Read by Nicky Diss
When my sister Sonia called round unexpectedly at 2pm, I was still wearing my Bayeux Tapestry bathrobe. While I was explaining to her the origin of its name – that is, each stain or object recounted an episode in the last few months: the gravy blob from a TV dinner, for instance, or the encrusted cornflake from a late-night snack – she interrupted me. When was the last time I’d had a conversation with anyone? she asked. I had to think about that. Did the bin men count? I said.
My guess is, it was this encounter that prompted her to send me the book that arrived a few days later. Seeking Enlightenment, Finding Jesus, was its title. Sonia thinks that Jesus can solve anything, even gravy blobs and encrusted cornflakes. I have nothing against Jesus; in fact, in my youth, before I got distracted by field sports and boys, he and I were on fairly intimate terms. It was just that now I was officially an adult, we had drifted some distance apart.
But then strange things began to happen. The washing machine, for one. It started to whoosh like a desert storm, and then whee like a cry for help in the wilderness, and I could see it was trying to tell me something. And then my TV, phone, and digital clock all began to show only identically paired numbers, like “18:18”, or even palindrome numbers, like “21:12”. I tried to catch the numbers out by peering sideways at my digital screens at odd moments, but they always won by appearing deceptively normal until another significant number poked through. I didn’t know if Jesus was trying to contact me, but I didn’t want to take any chances. I covered all my electronic items with tea towels, and then hid for two days under the blankets.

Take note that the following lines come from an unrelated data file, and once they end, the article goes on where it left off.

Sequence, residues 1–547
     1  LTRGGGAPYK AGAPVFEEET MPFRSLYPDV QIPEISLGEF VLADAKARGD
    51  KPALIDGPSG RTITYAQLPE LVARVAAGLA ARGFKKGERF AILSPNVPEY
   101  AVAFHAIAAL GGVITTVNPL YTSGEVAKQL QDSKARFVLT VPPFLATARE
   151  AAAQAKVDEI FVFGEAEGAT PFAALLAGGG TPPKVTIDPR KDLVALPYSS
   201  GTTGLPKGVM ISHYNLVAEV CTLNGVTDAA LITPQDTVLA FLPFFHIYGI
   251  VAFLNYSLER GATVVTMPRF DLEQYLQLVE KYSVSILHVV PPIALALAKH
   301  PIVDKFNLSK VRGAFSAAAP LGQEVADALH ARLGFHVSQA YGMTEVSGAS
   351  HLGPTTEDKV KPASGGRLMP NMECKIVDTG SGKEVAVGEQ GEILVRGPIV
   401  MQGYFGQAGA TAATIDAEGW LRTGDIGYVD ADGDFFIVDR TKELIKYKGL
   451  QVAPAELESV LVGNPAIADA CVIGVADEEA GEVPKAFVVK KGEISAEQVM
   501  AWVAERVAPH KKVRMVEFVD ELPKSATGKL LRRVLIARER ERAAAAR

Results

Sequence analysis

It was on the third day that Jesus appeared to me. By chance that morning, I’d adjusted the dial on my toaster, and lo and behold, there it was on my slice of toast, the unmistakable profile of the Galilean, outlined in chestnut-coloured crumbs, complete with beard and fingertips raised in prayer. Feverishly, I dressed and headed into town, certain only that I had to do something about the powerful fluttering in my chest that was like a bird struggling to be set free.
It was at a stall on the high street that I saw him. Tall, spectrally thin in a long, white robe, and with the kindest brown eyes I had ever seen. In front of him on a fold-up table were sky-blue leaflets, which spoke promisingly to the bird trapped within me. I can barely recall our conversation now, suffused as it was in a soft, warm glow. All that remains is a series of mental snapshots: the honey of his voice, the delicacy of his fingers as he handed me a pen to sign up for a “taster weekend” in Shropshire; rolling hills, glassy lakes. everything provided. And a digital detox, so no phones or tablets. As I shut my front door with a definitive click, my final look at these last-mentioned items, still shrouded in their stripy tea towels, wasn’t even wistful.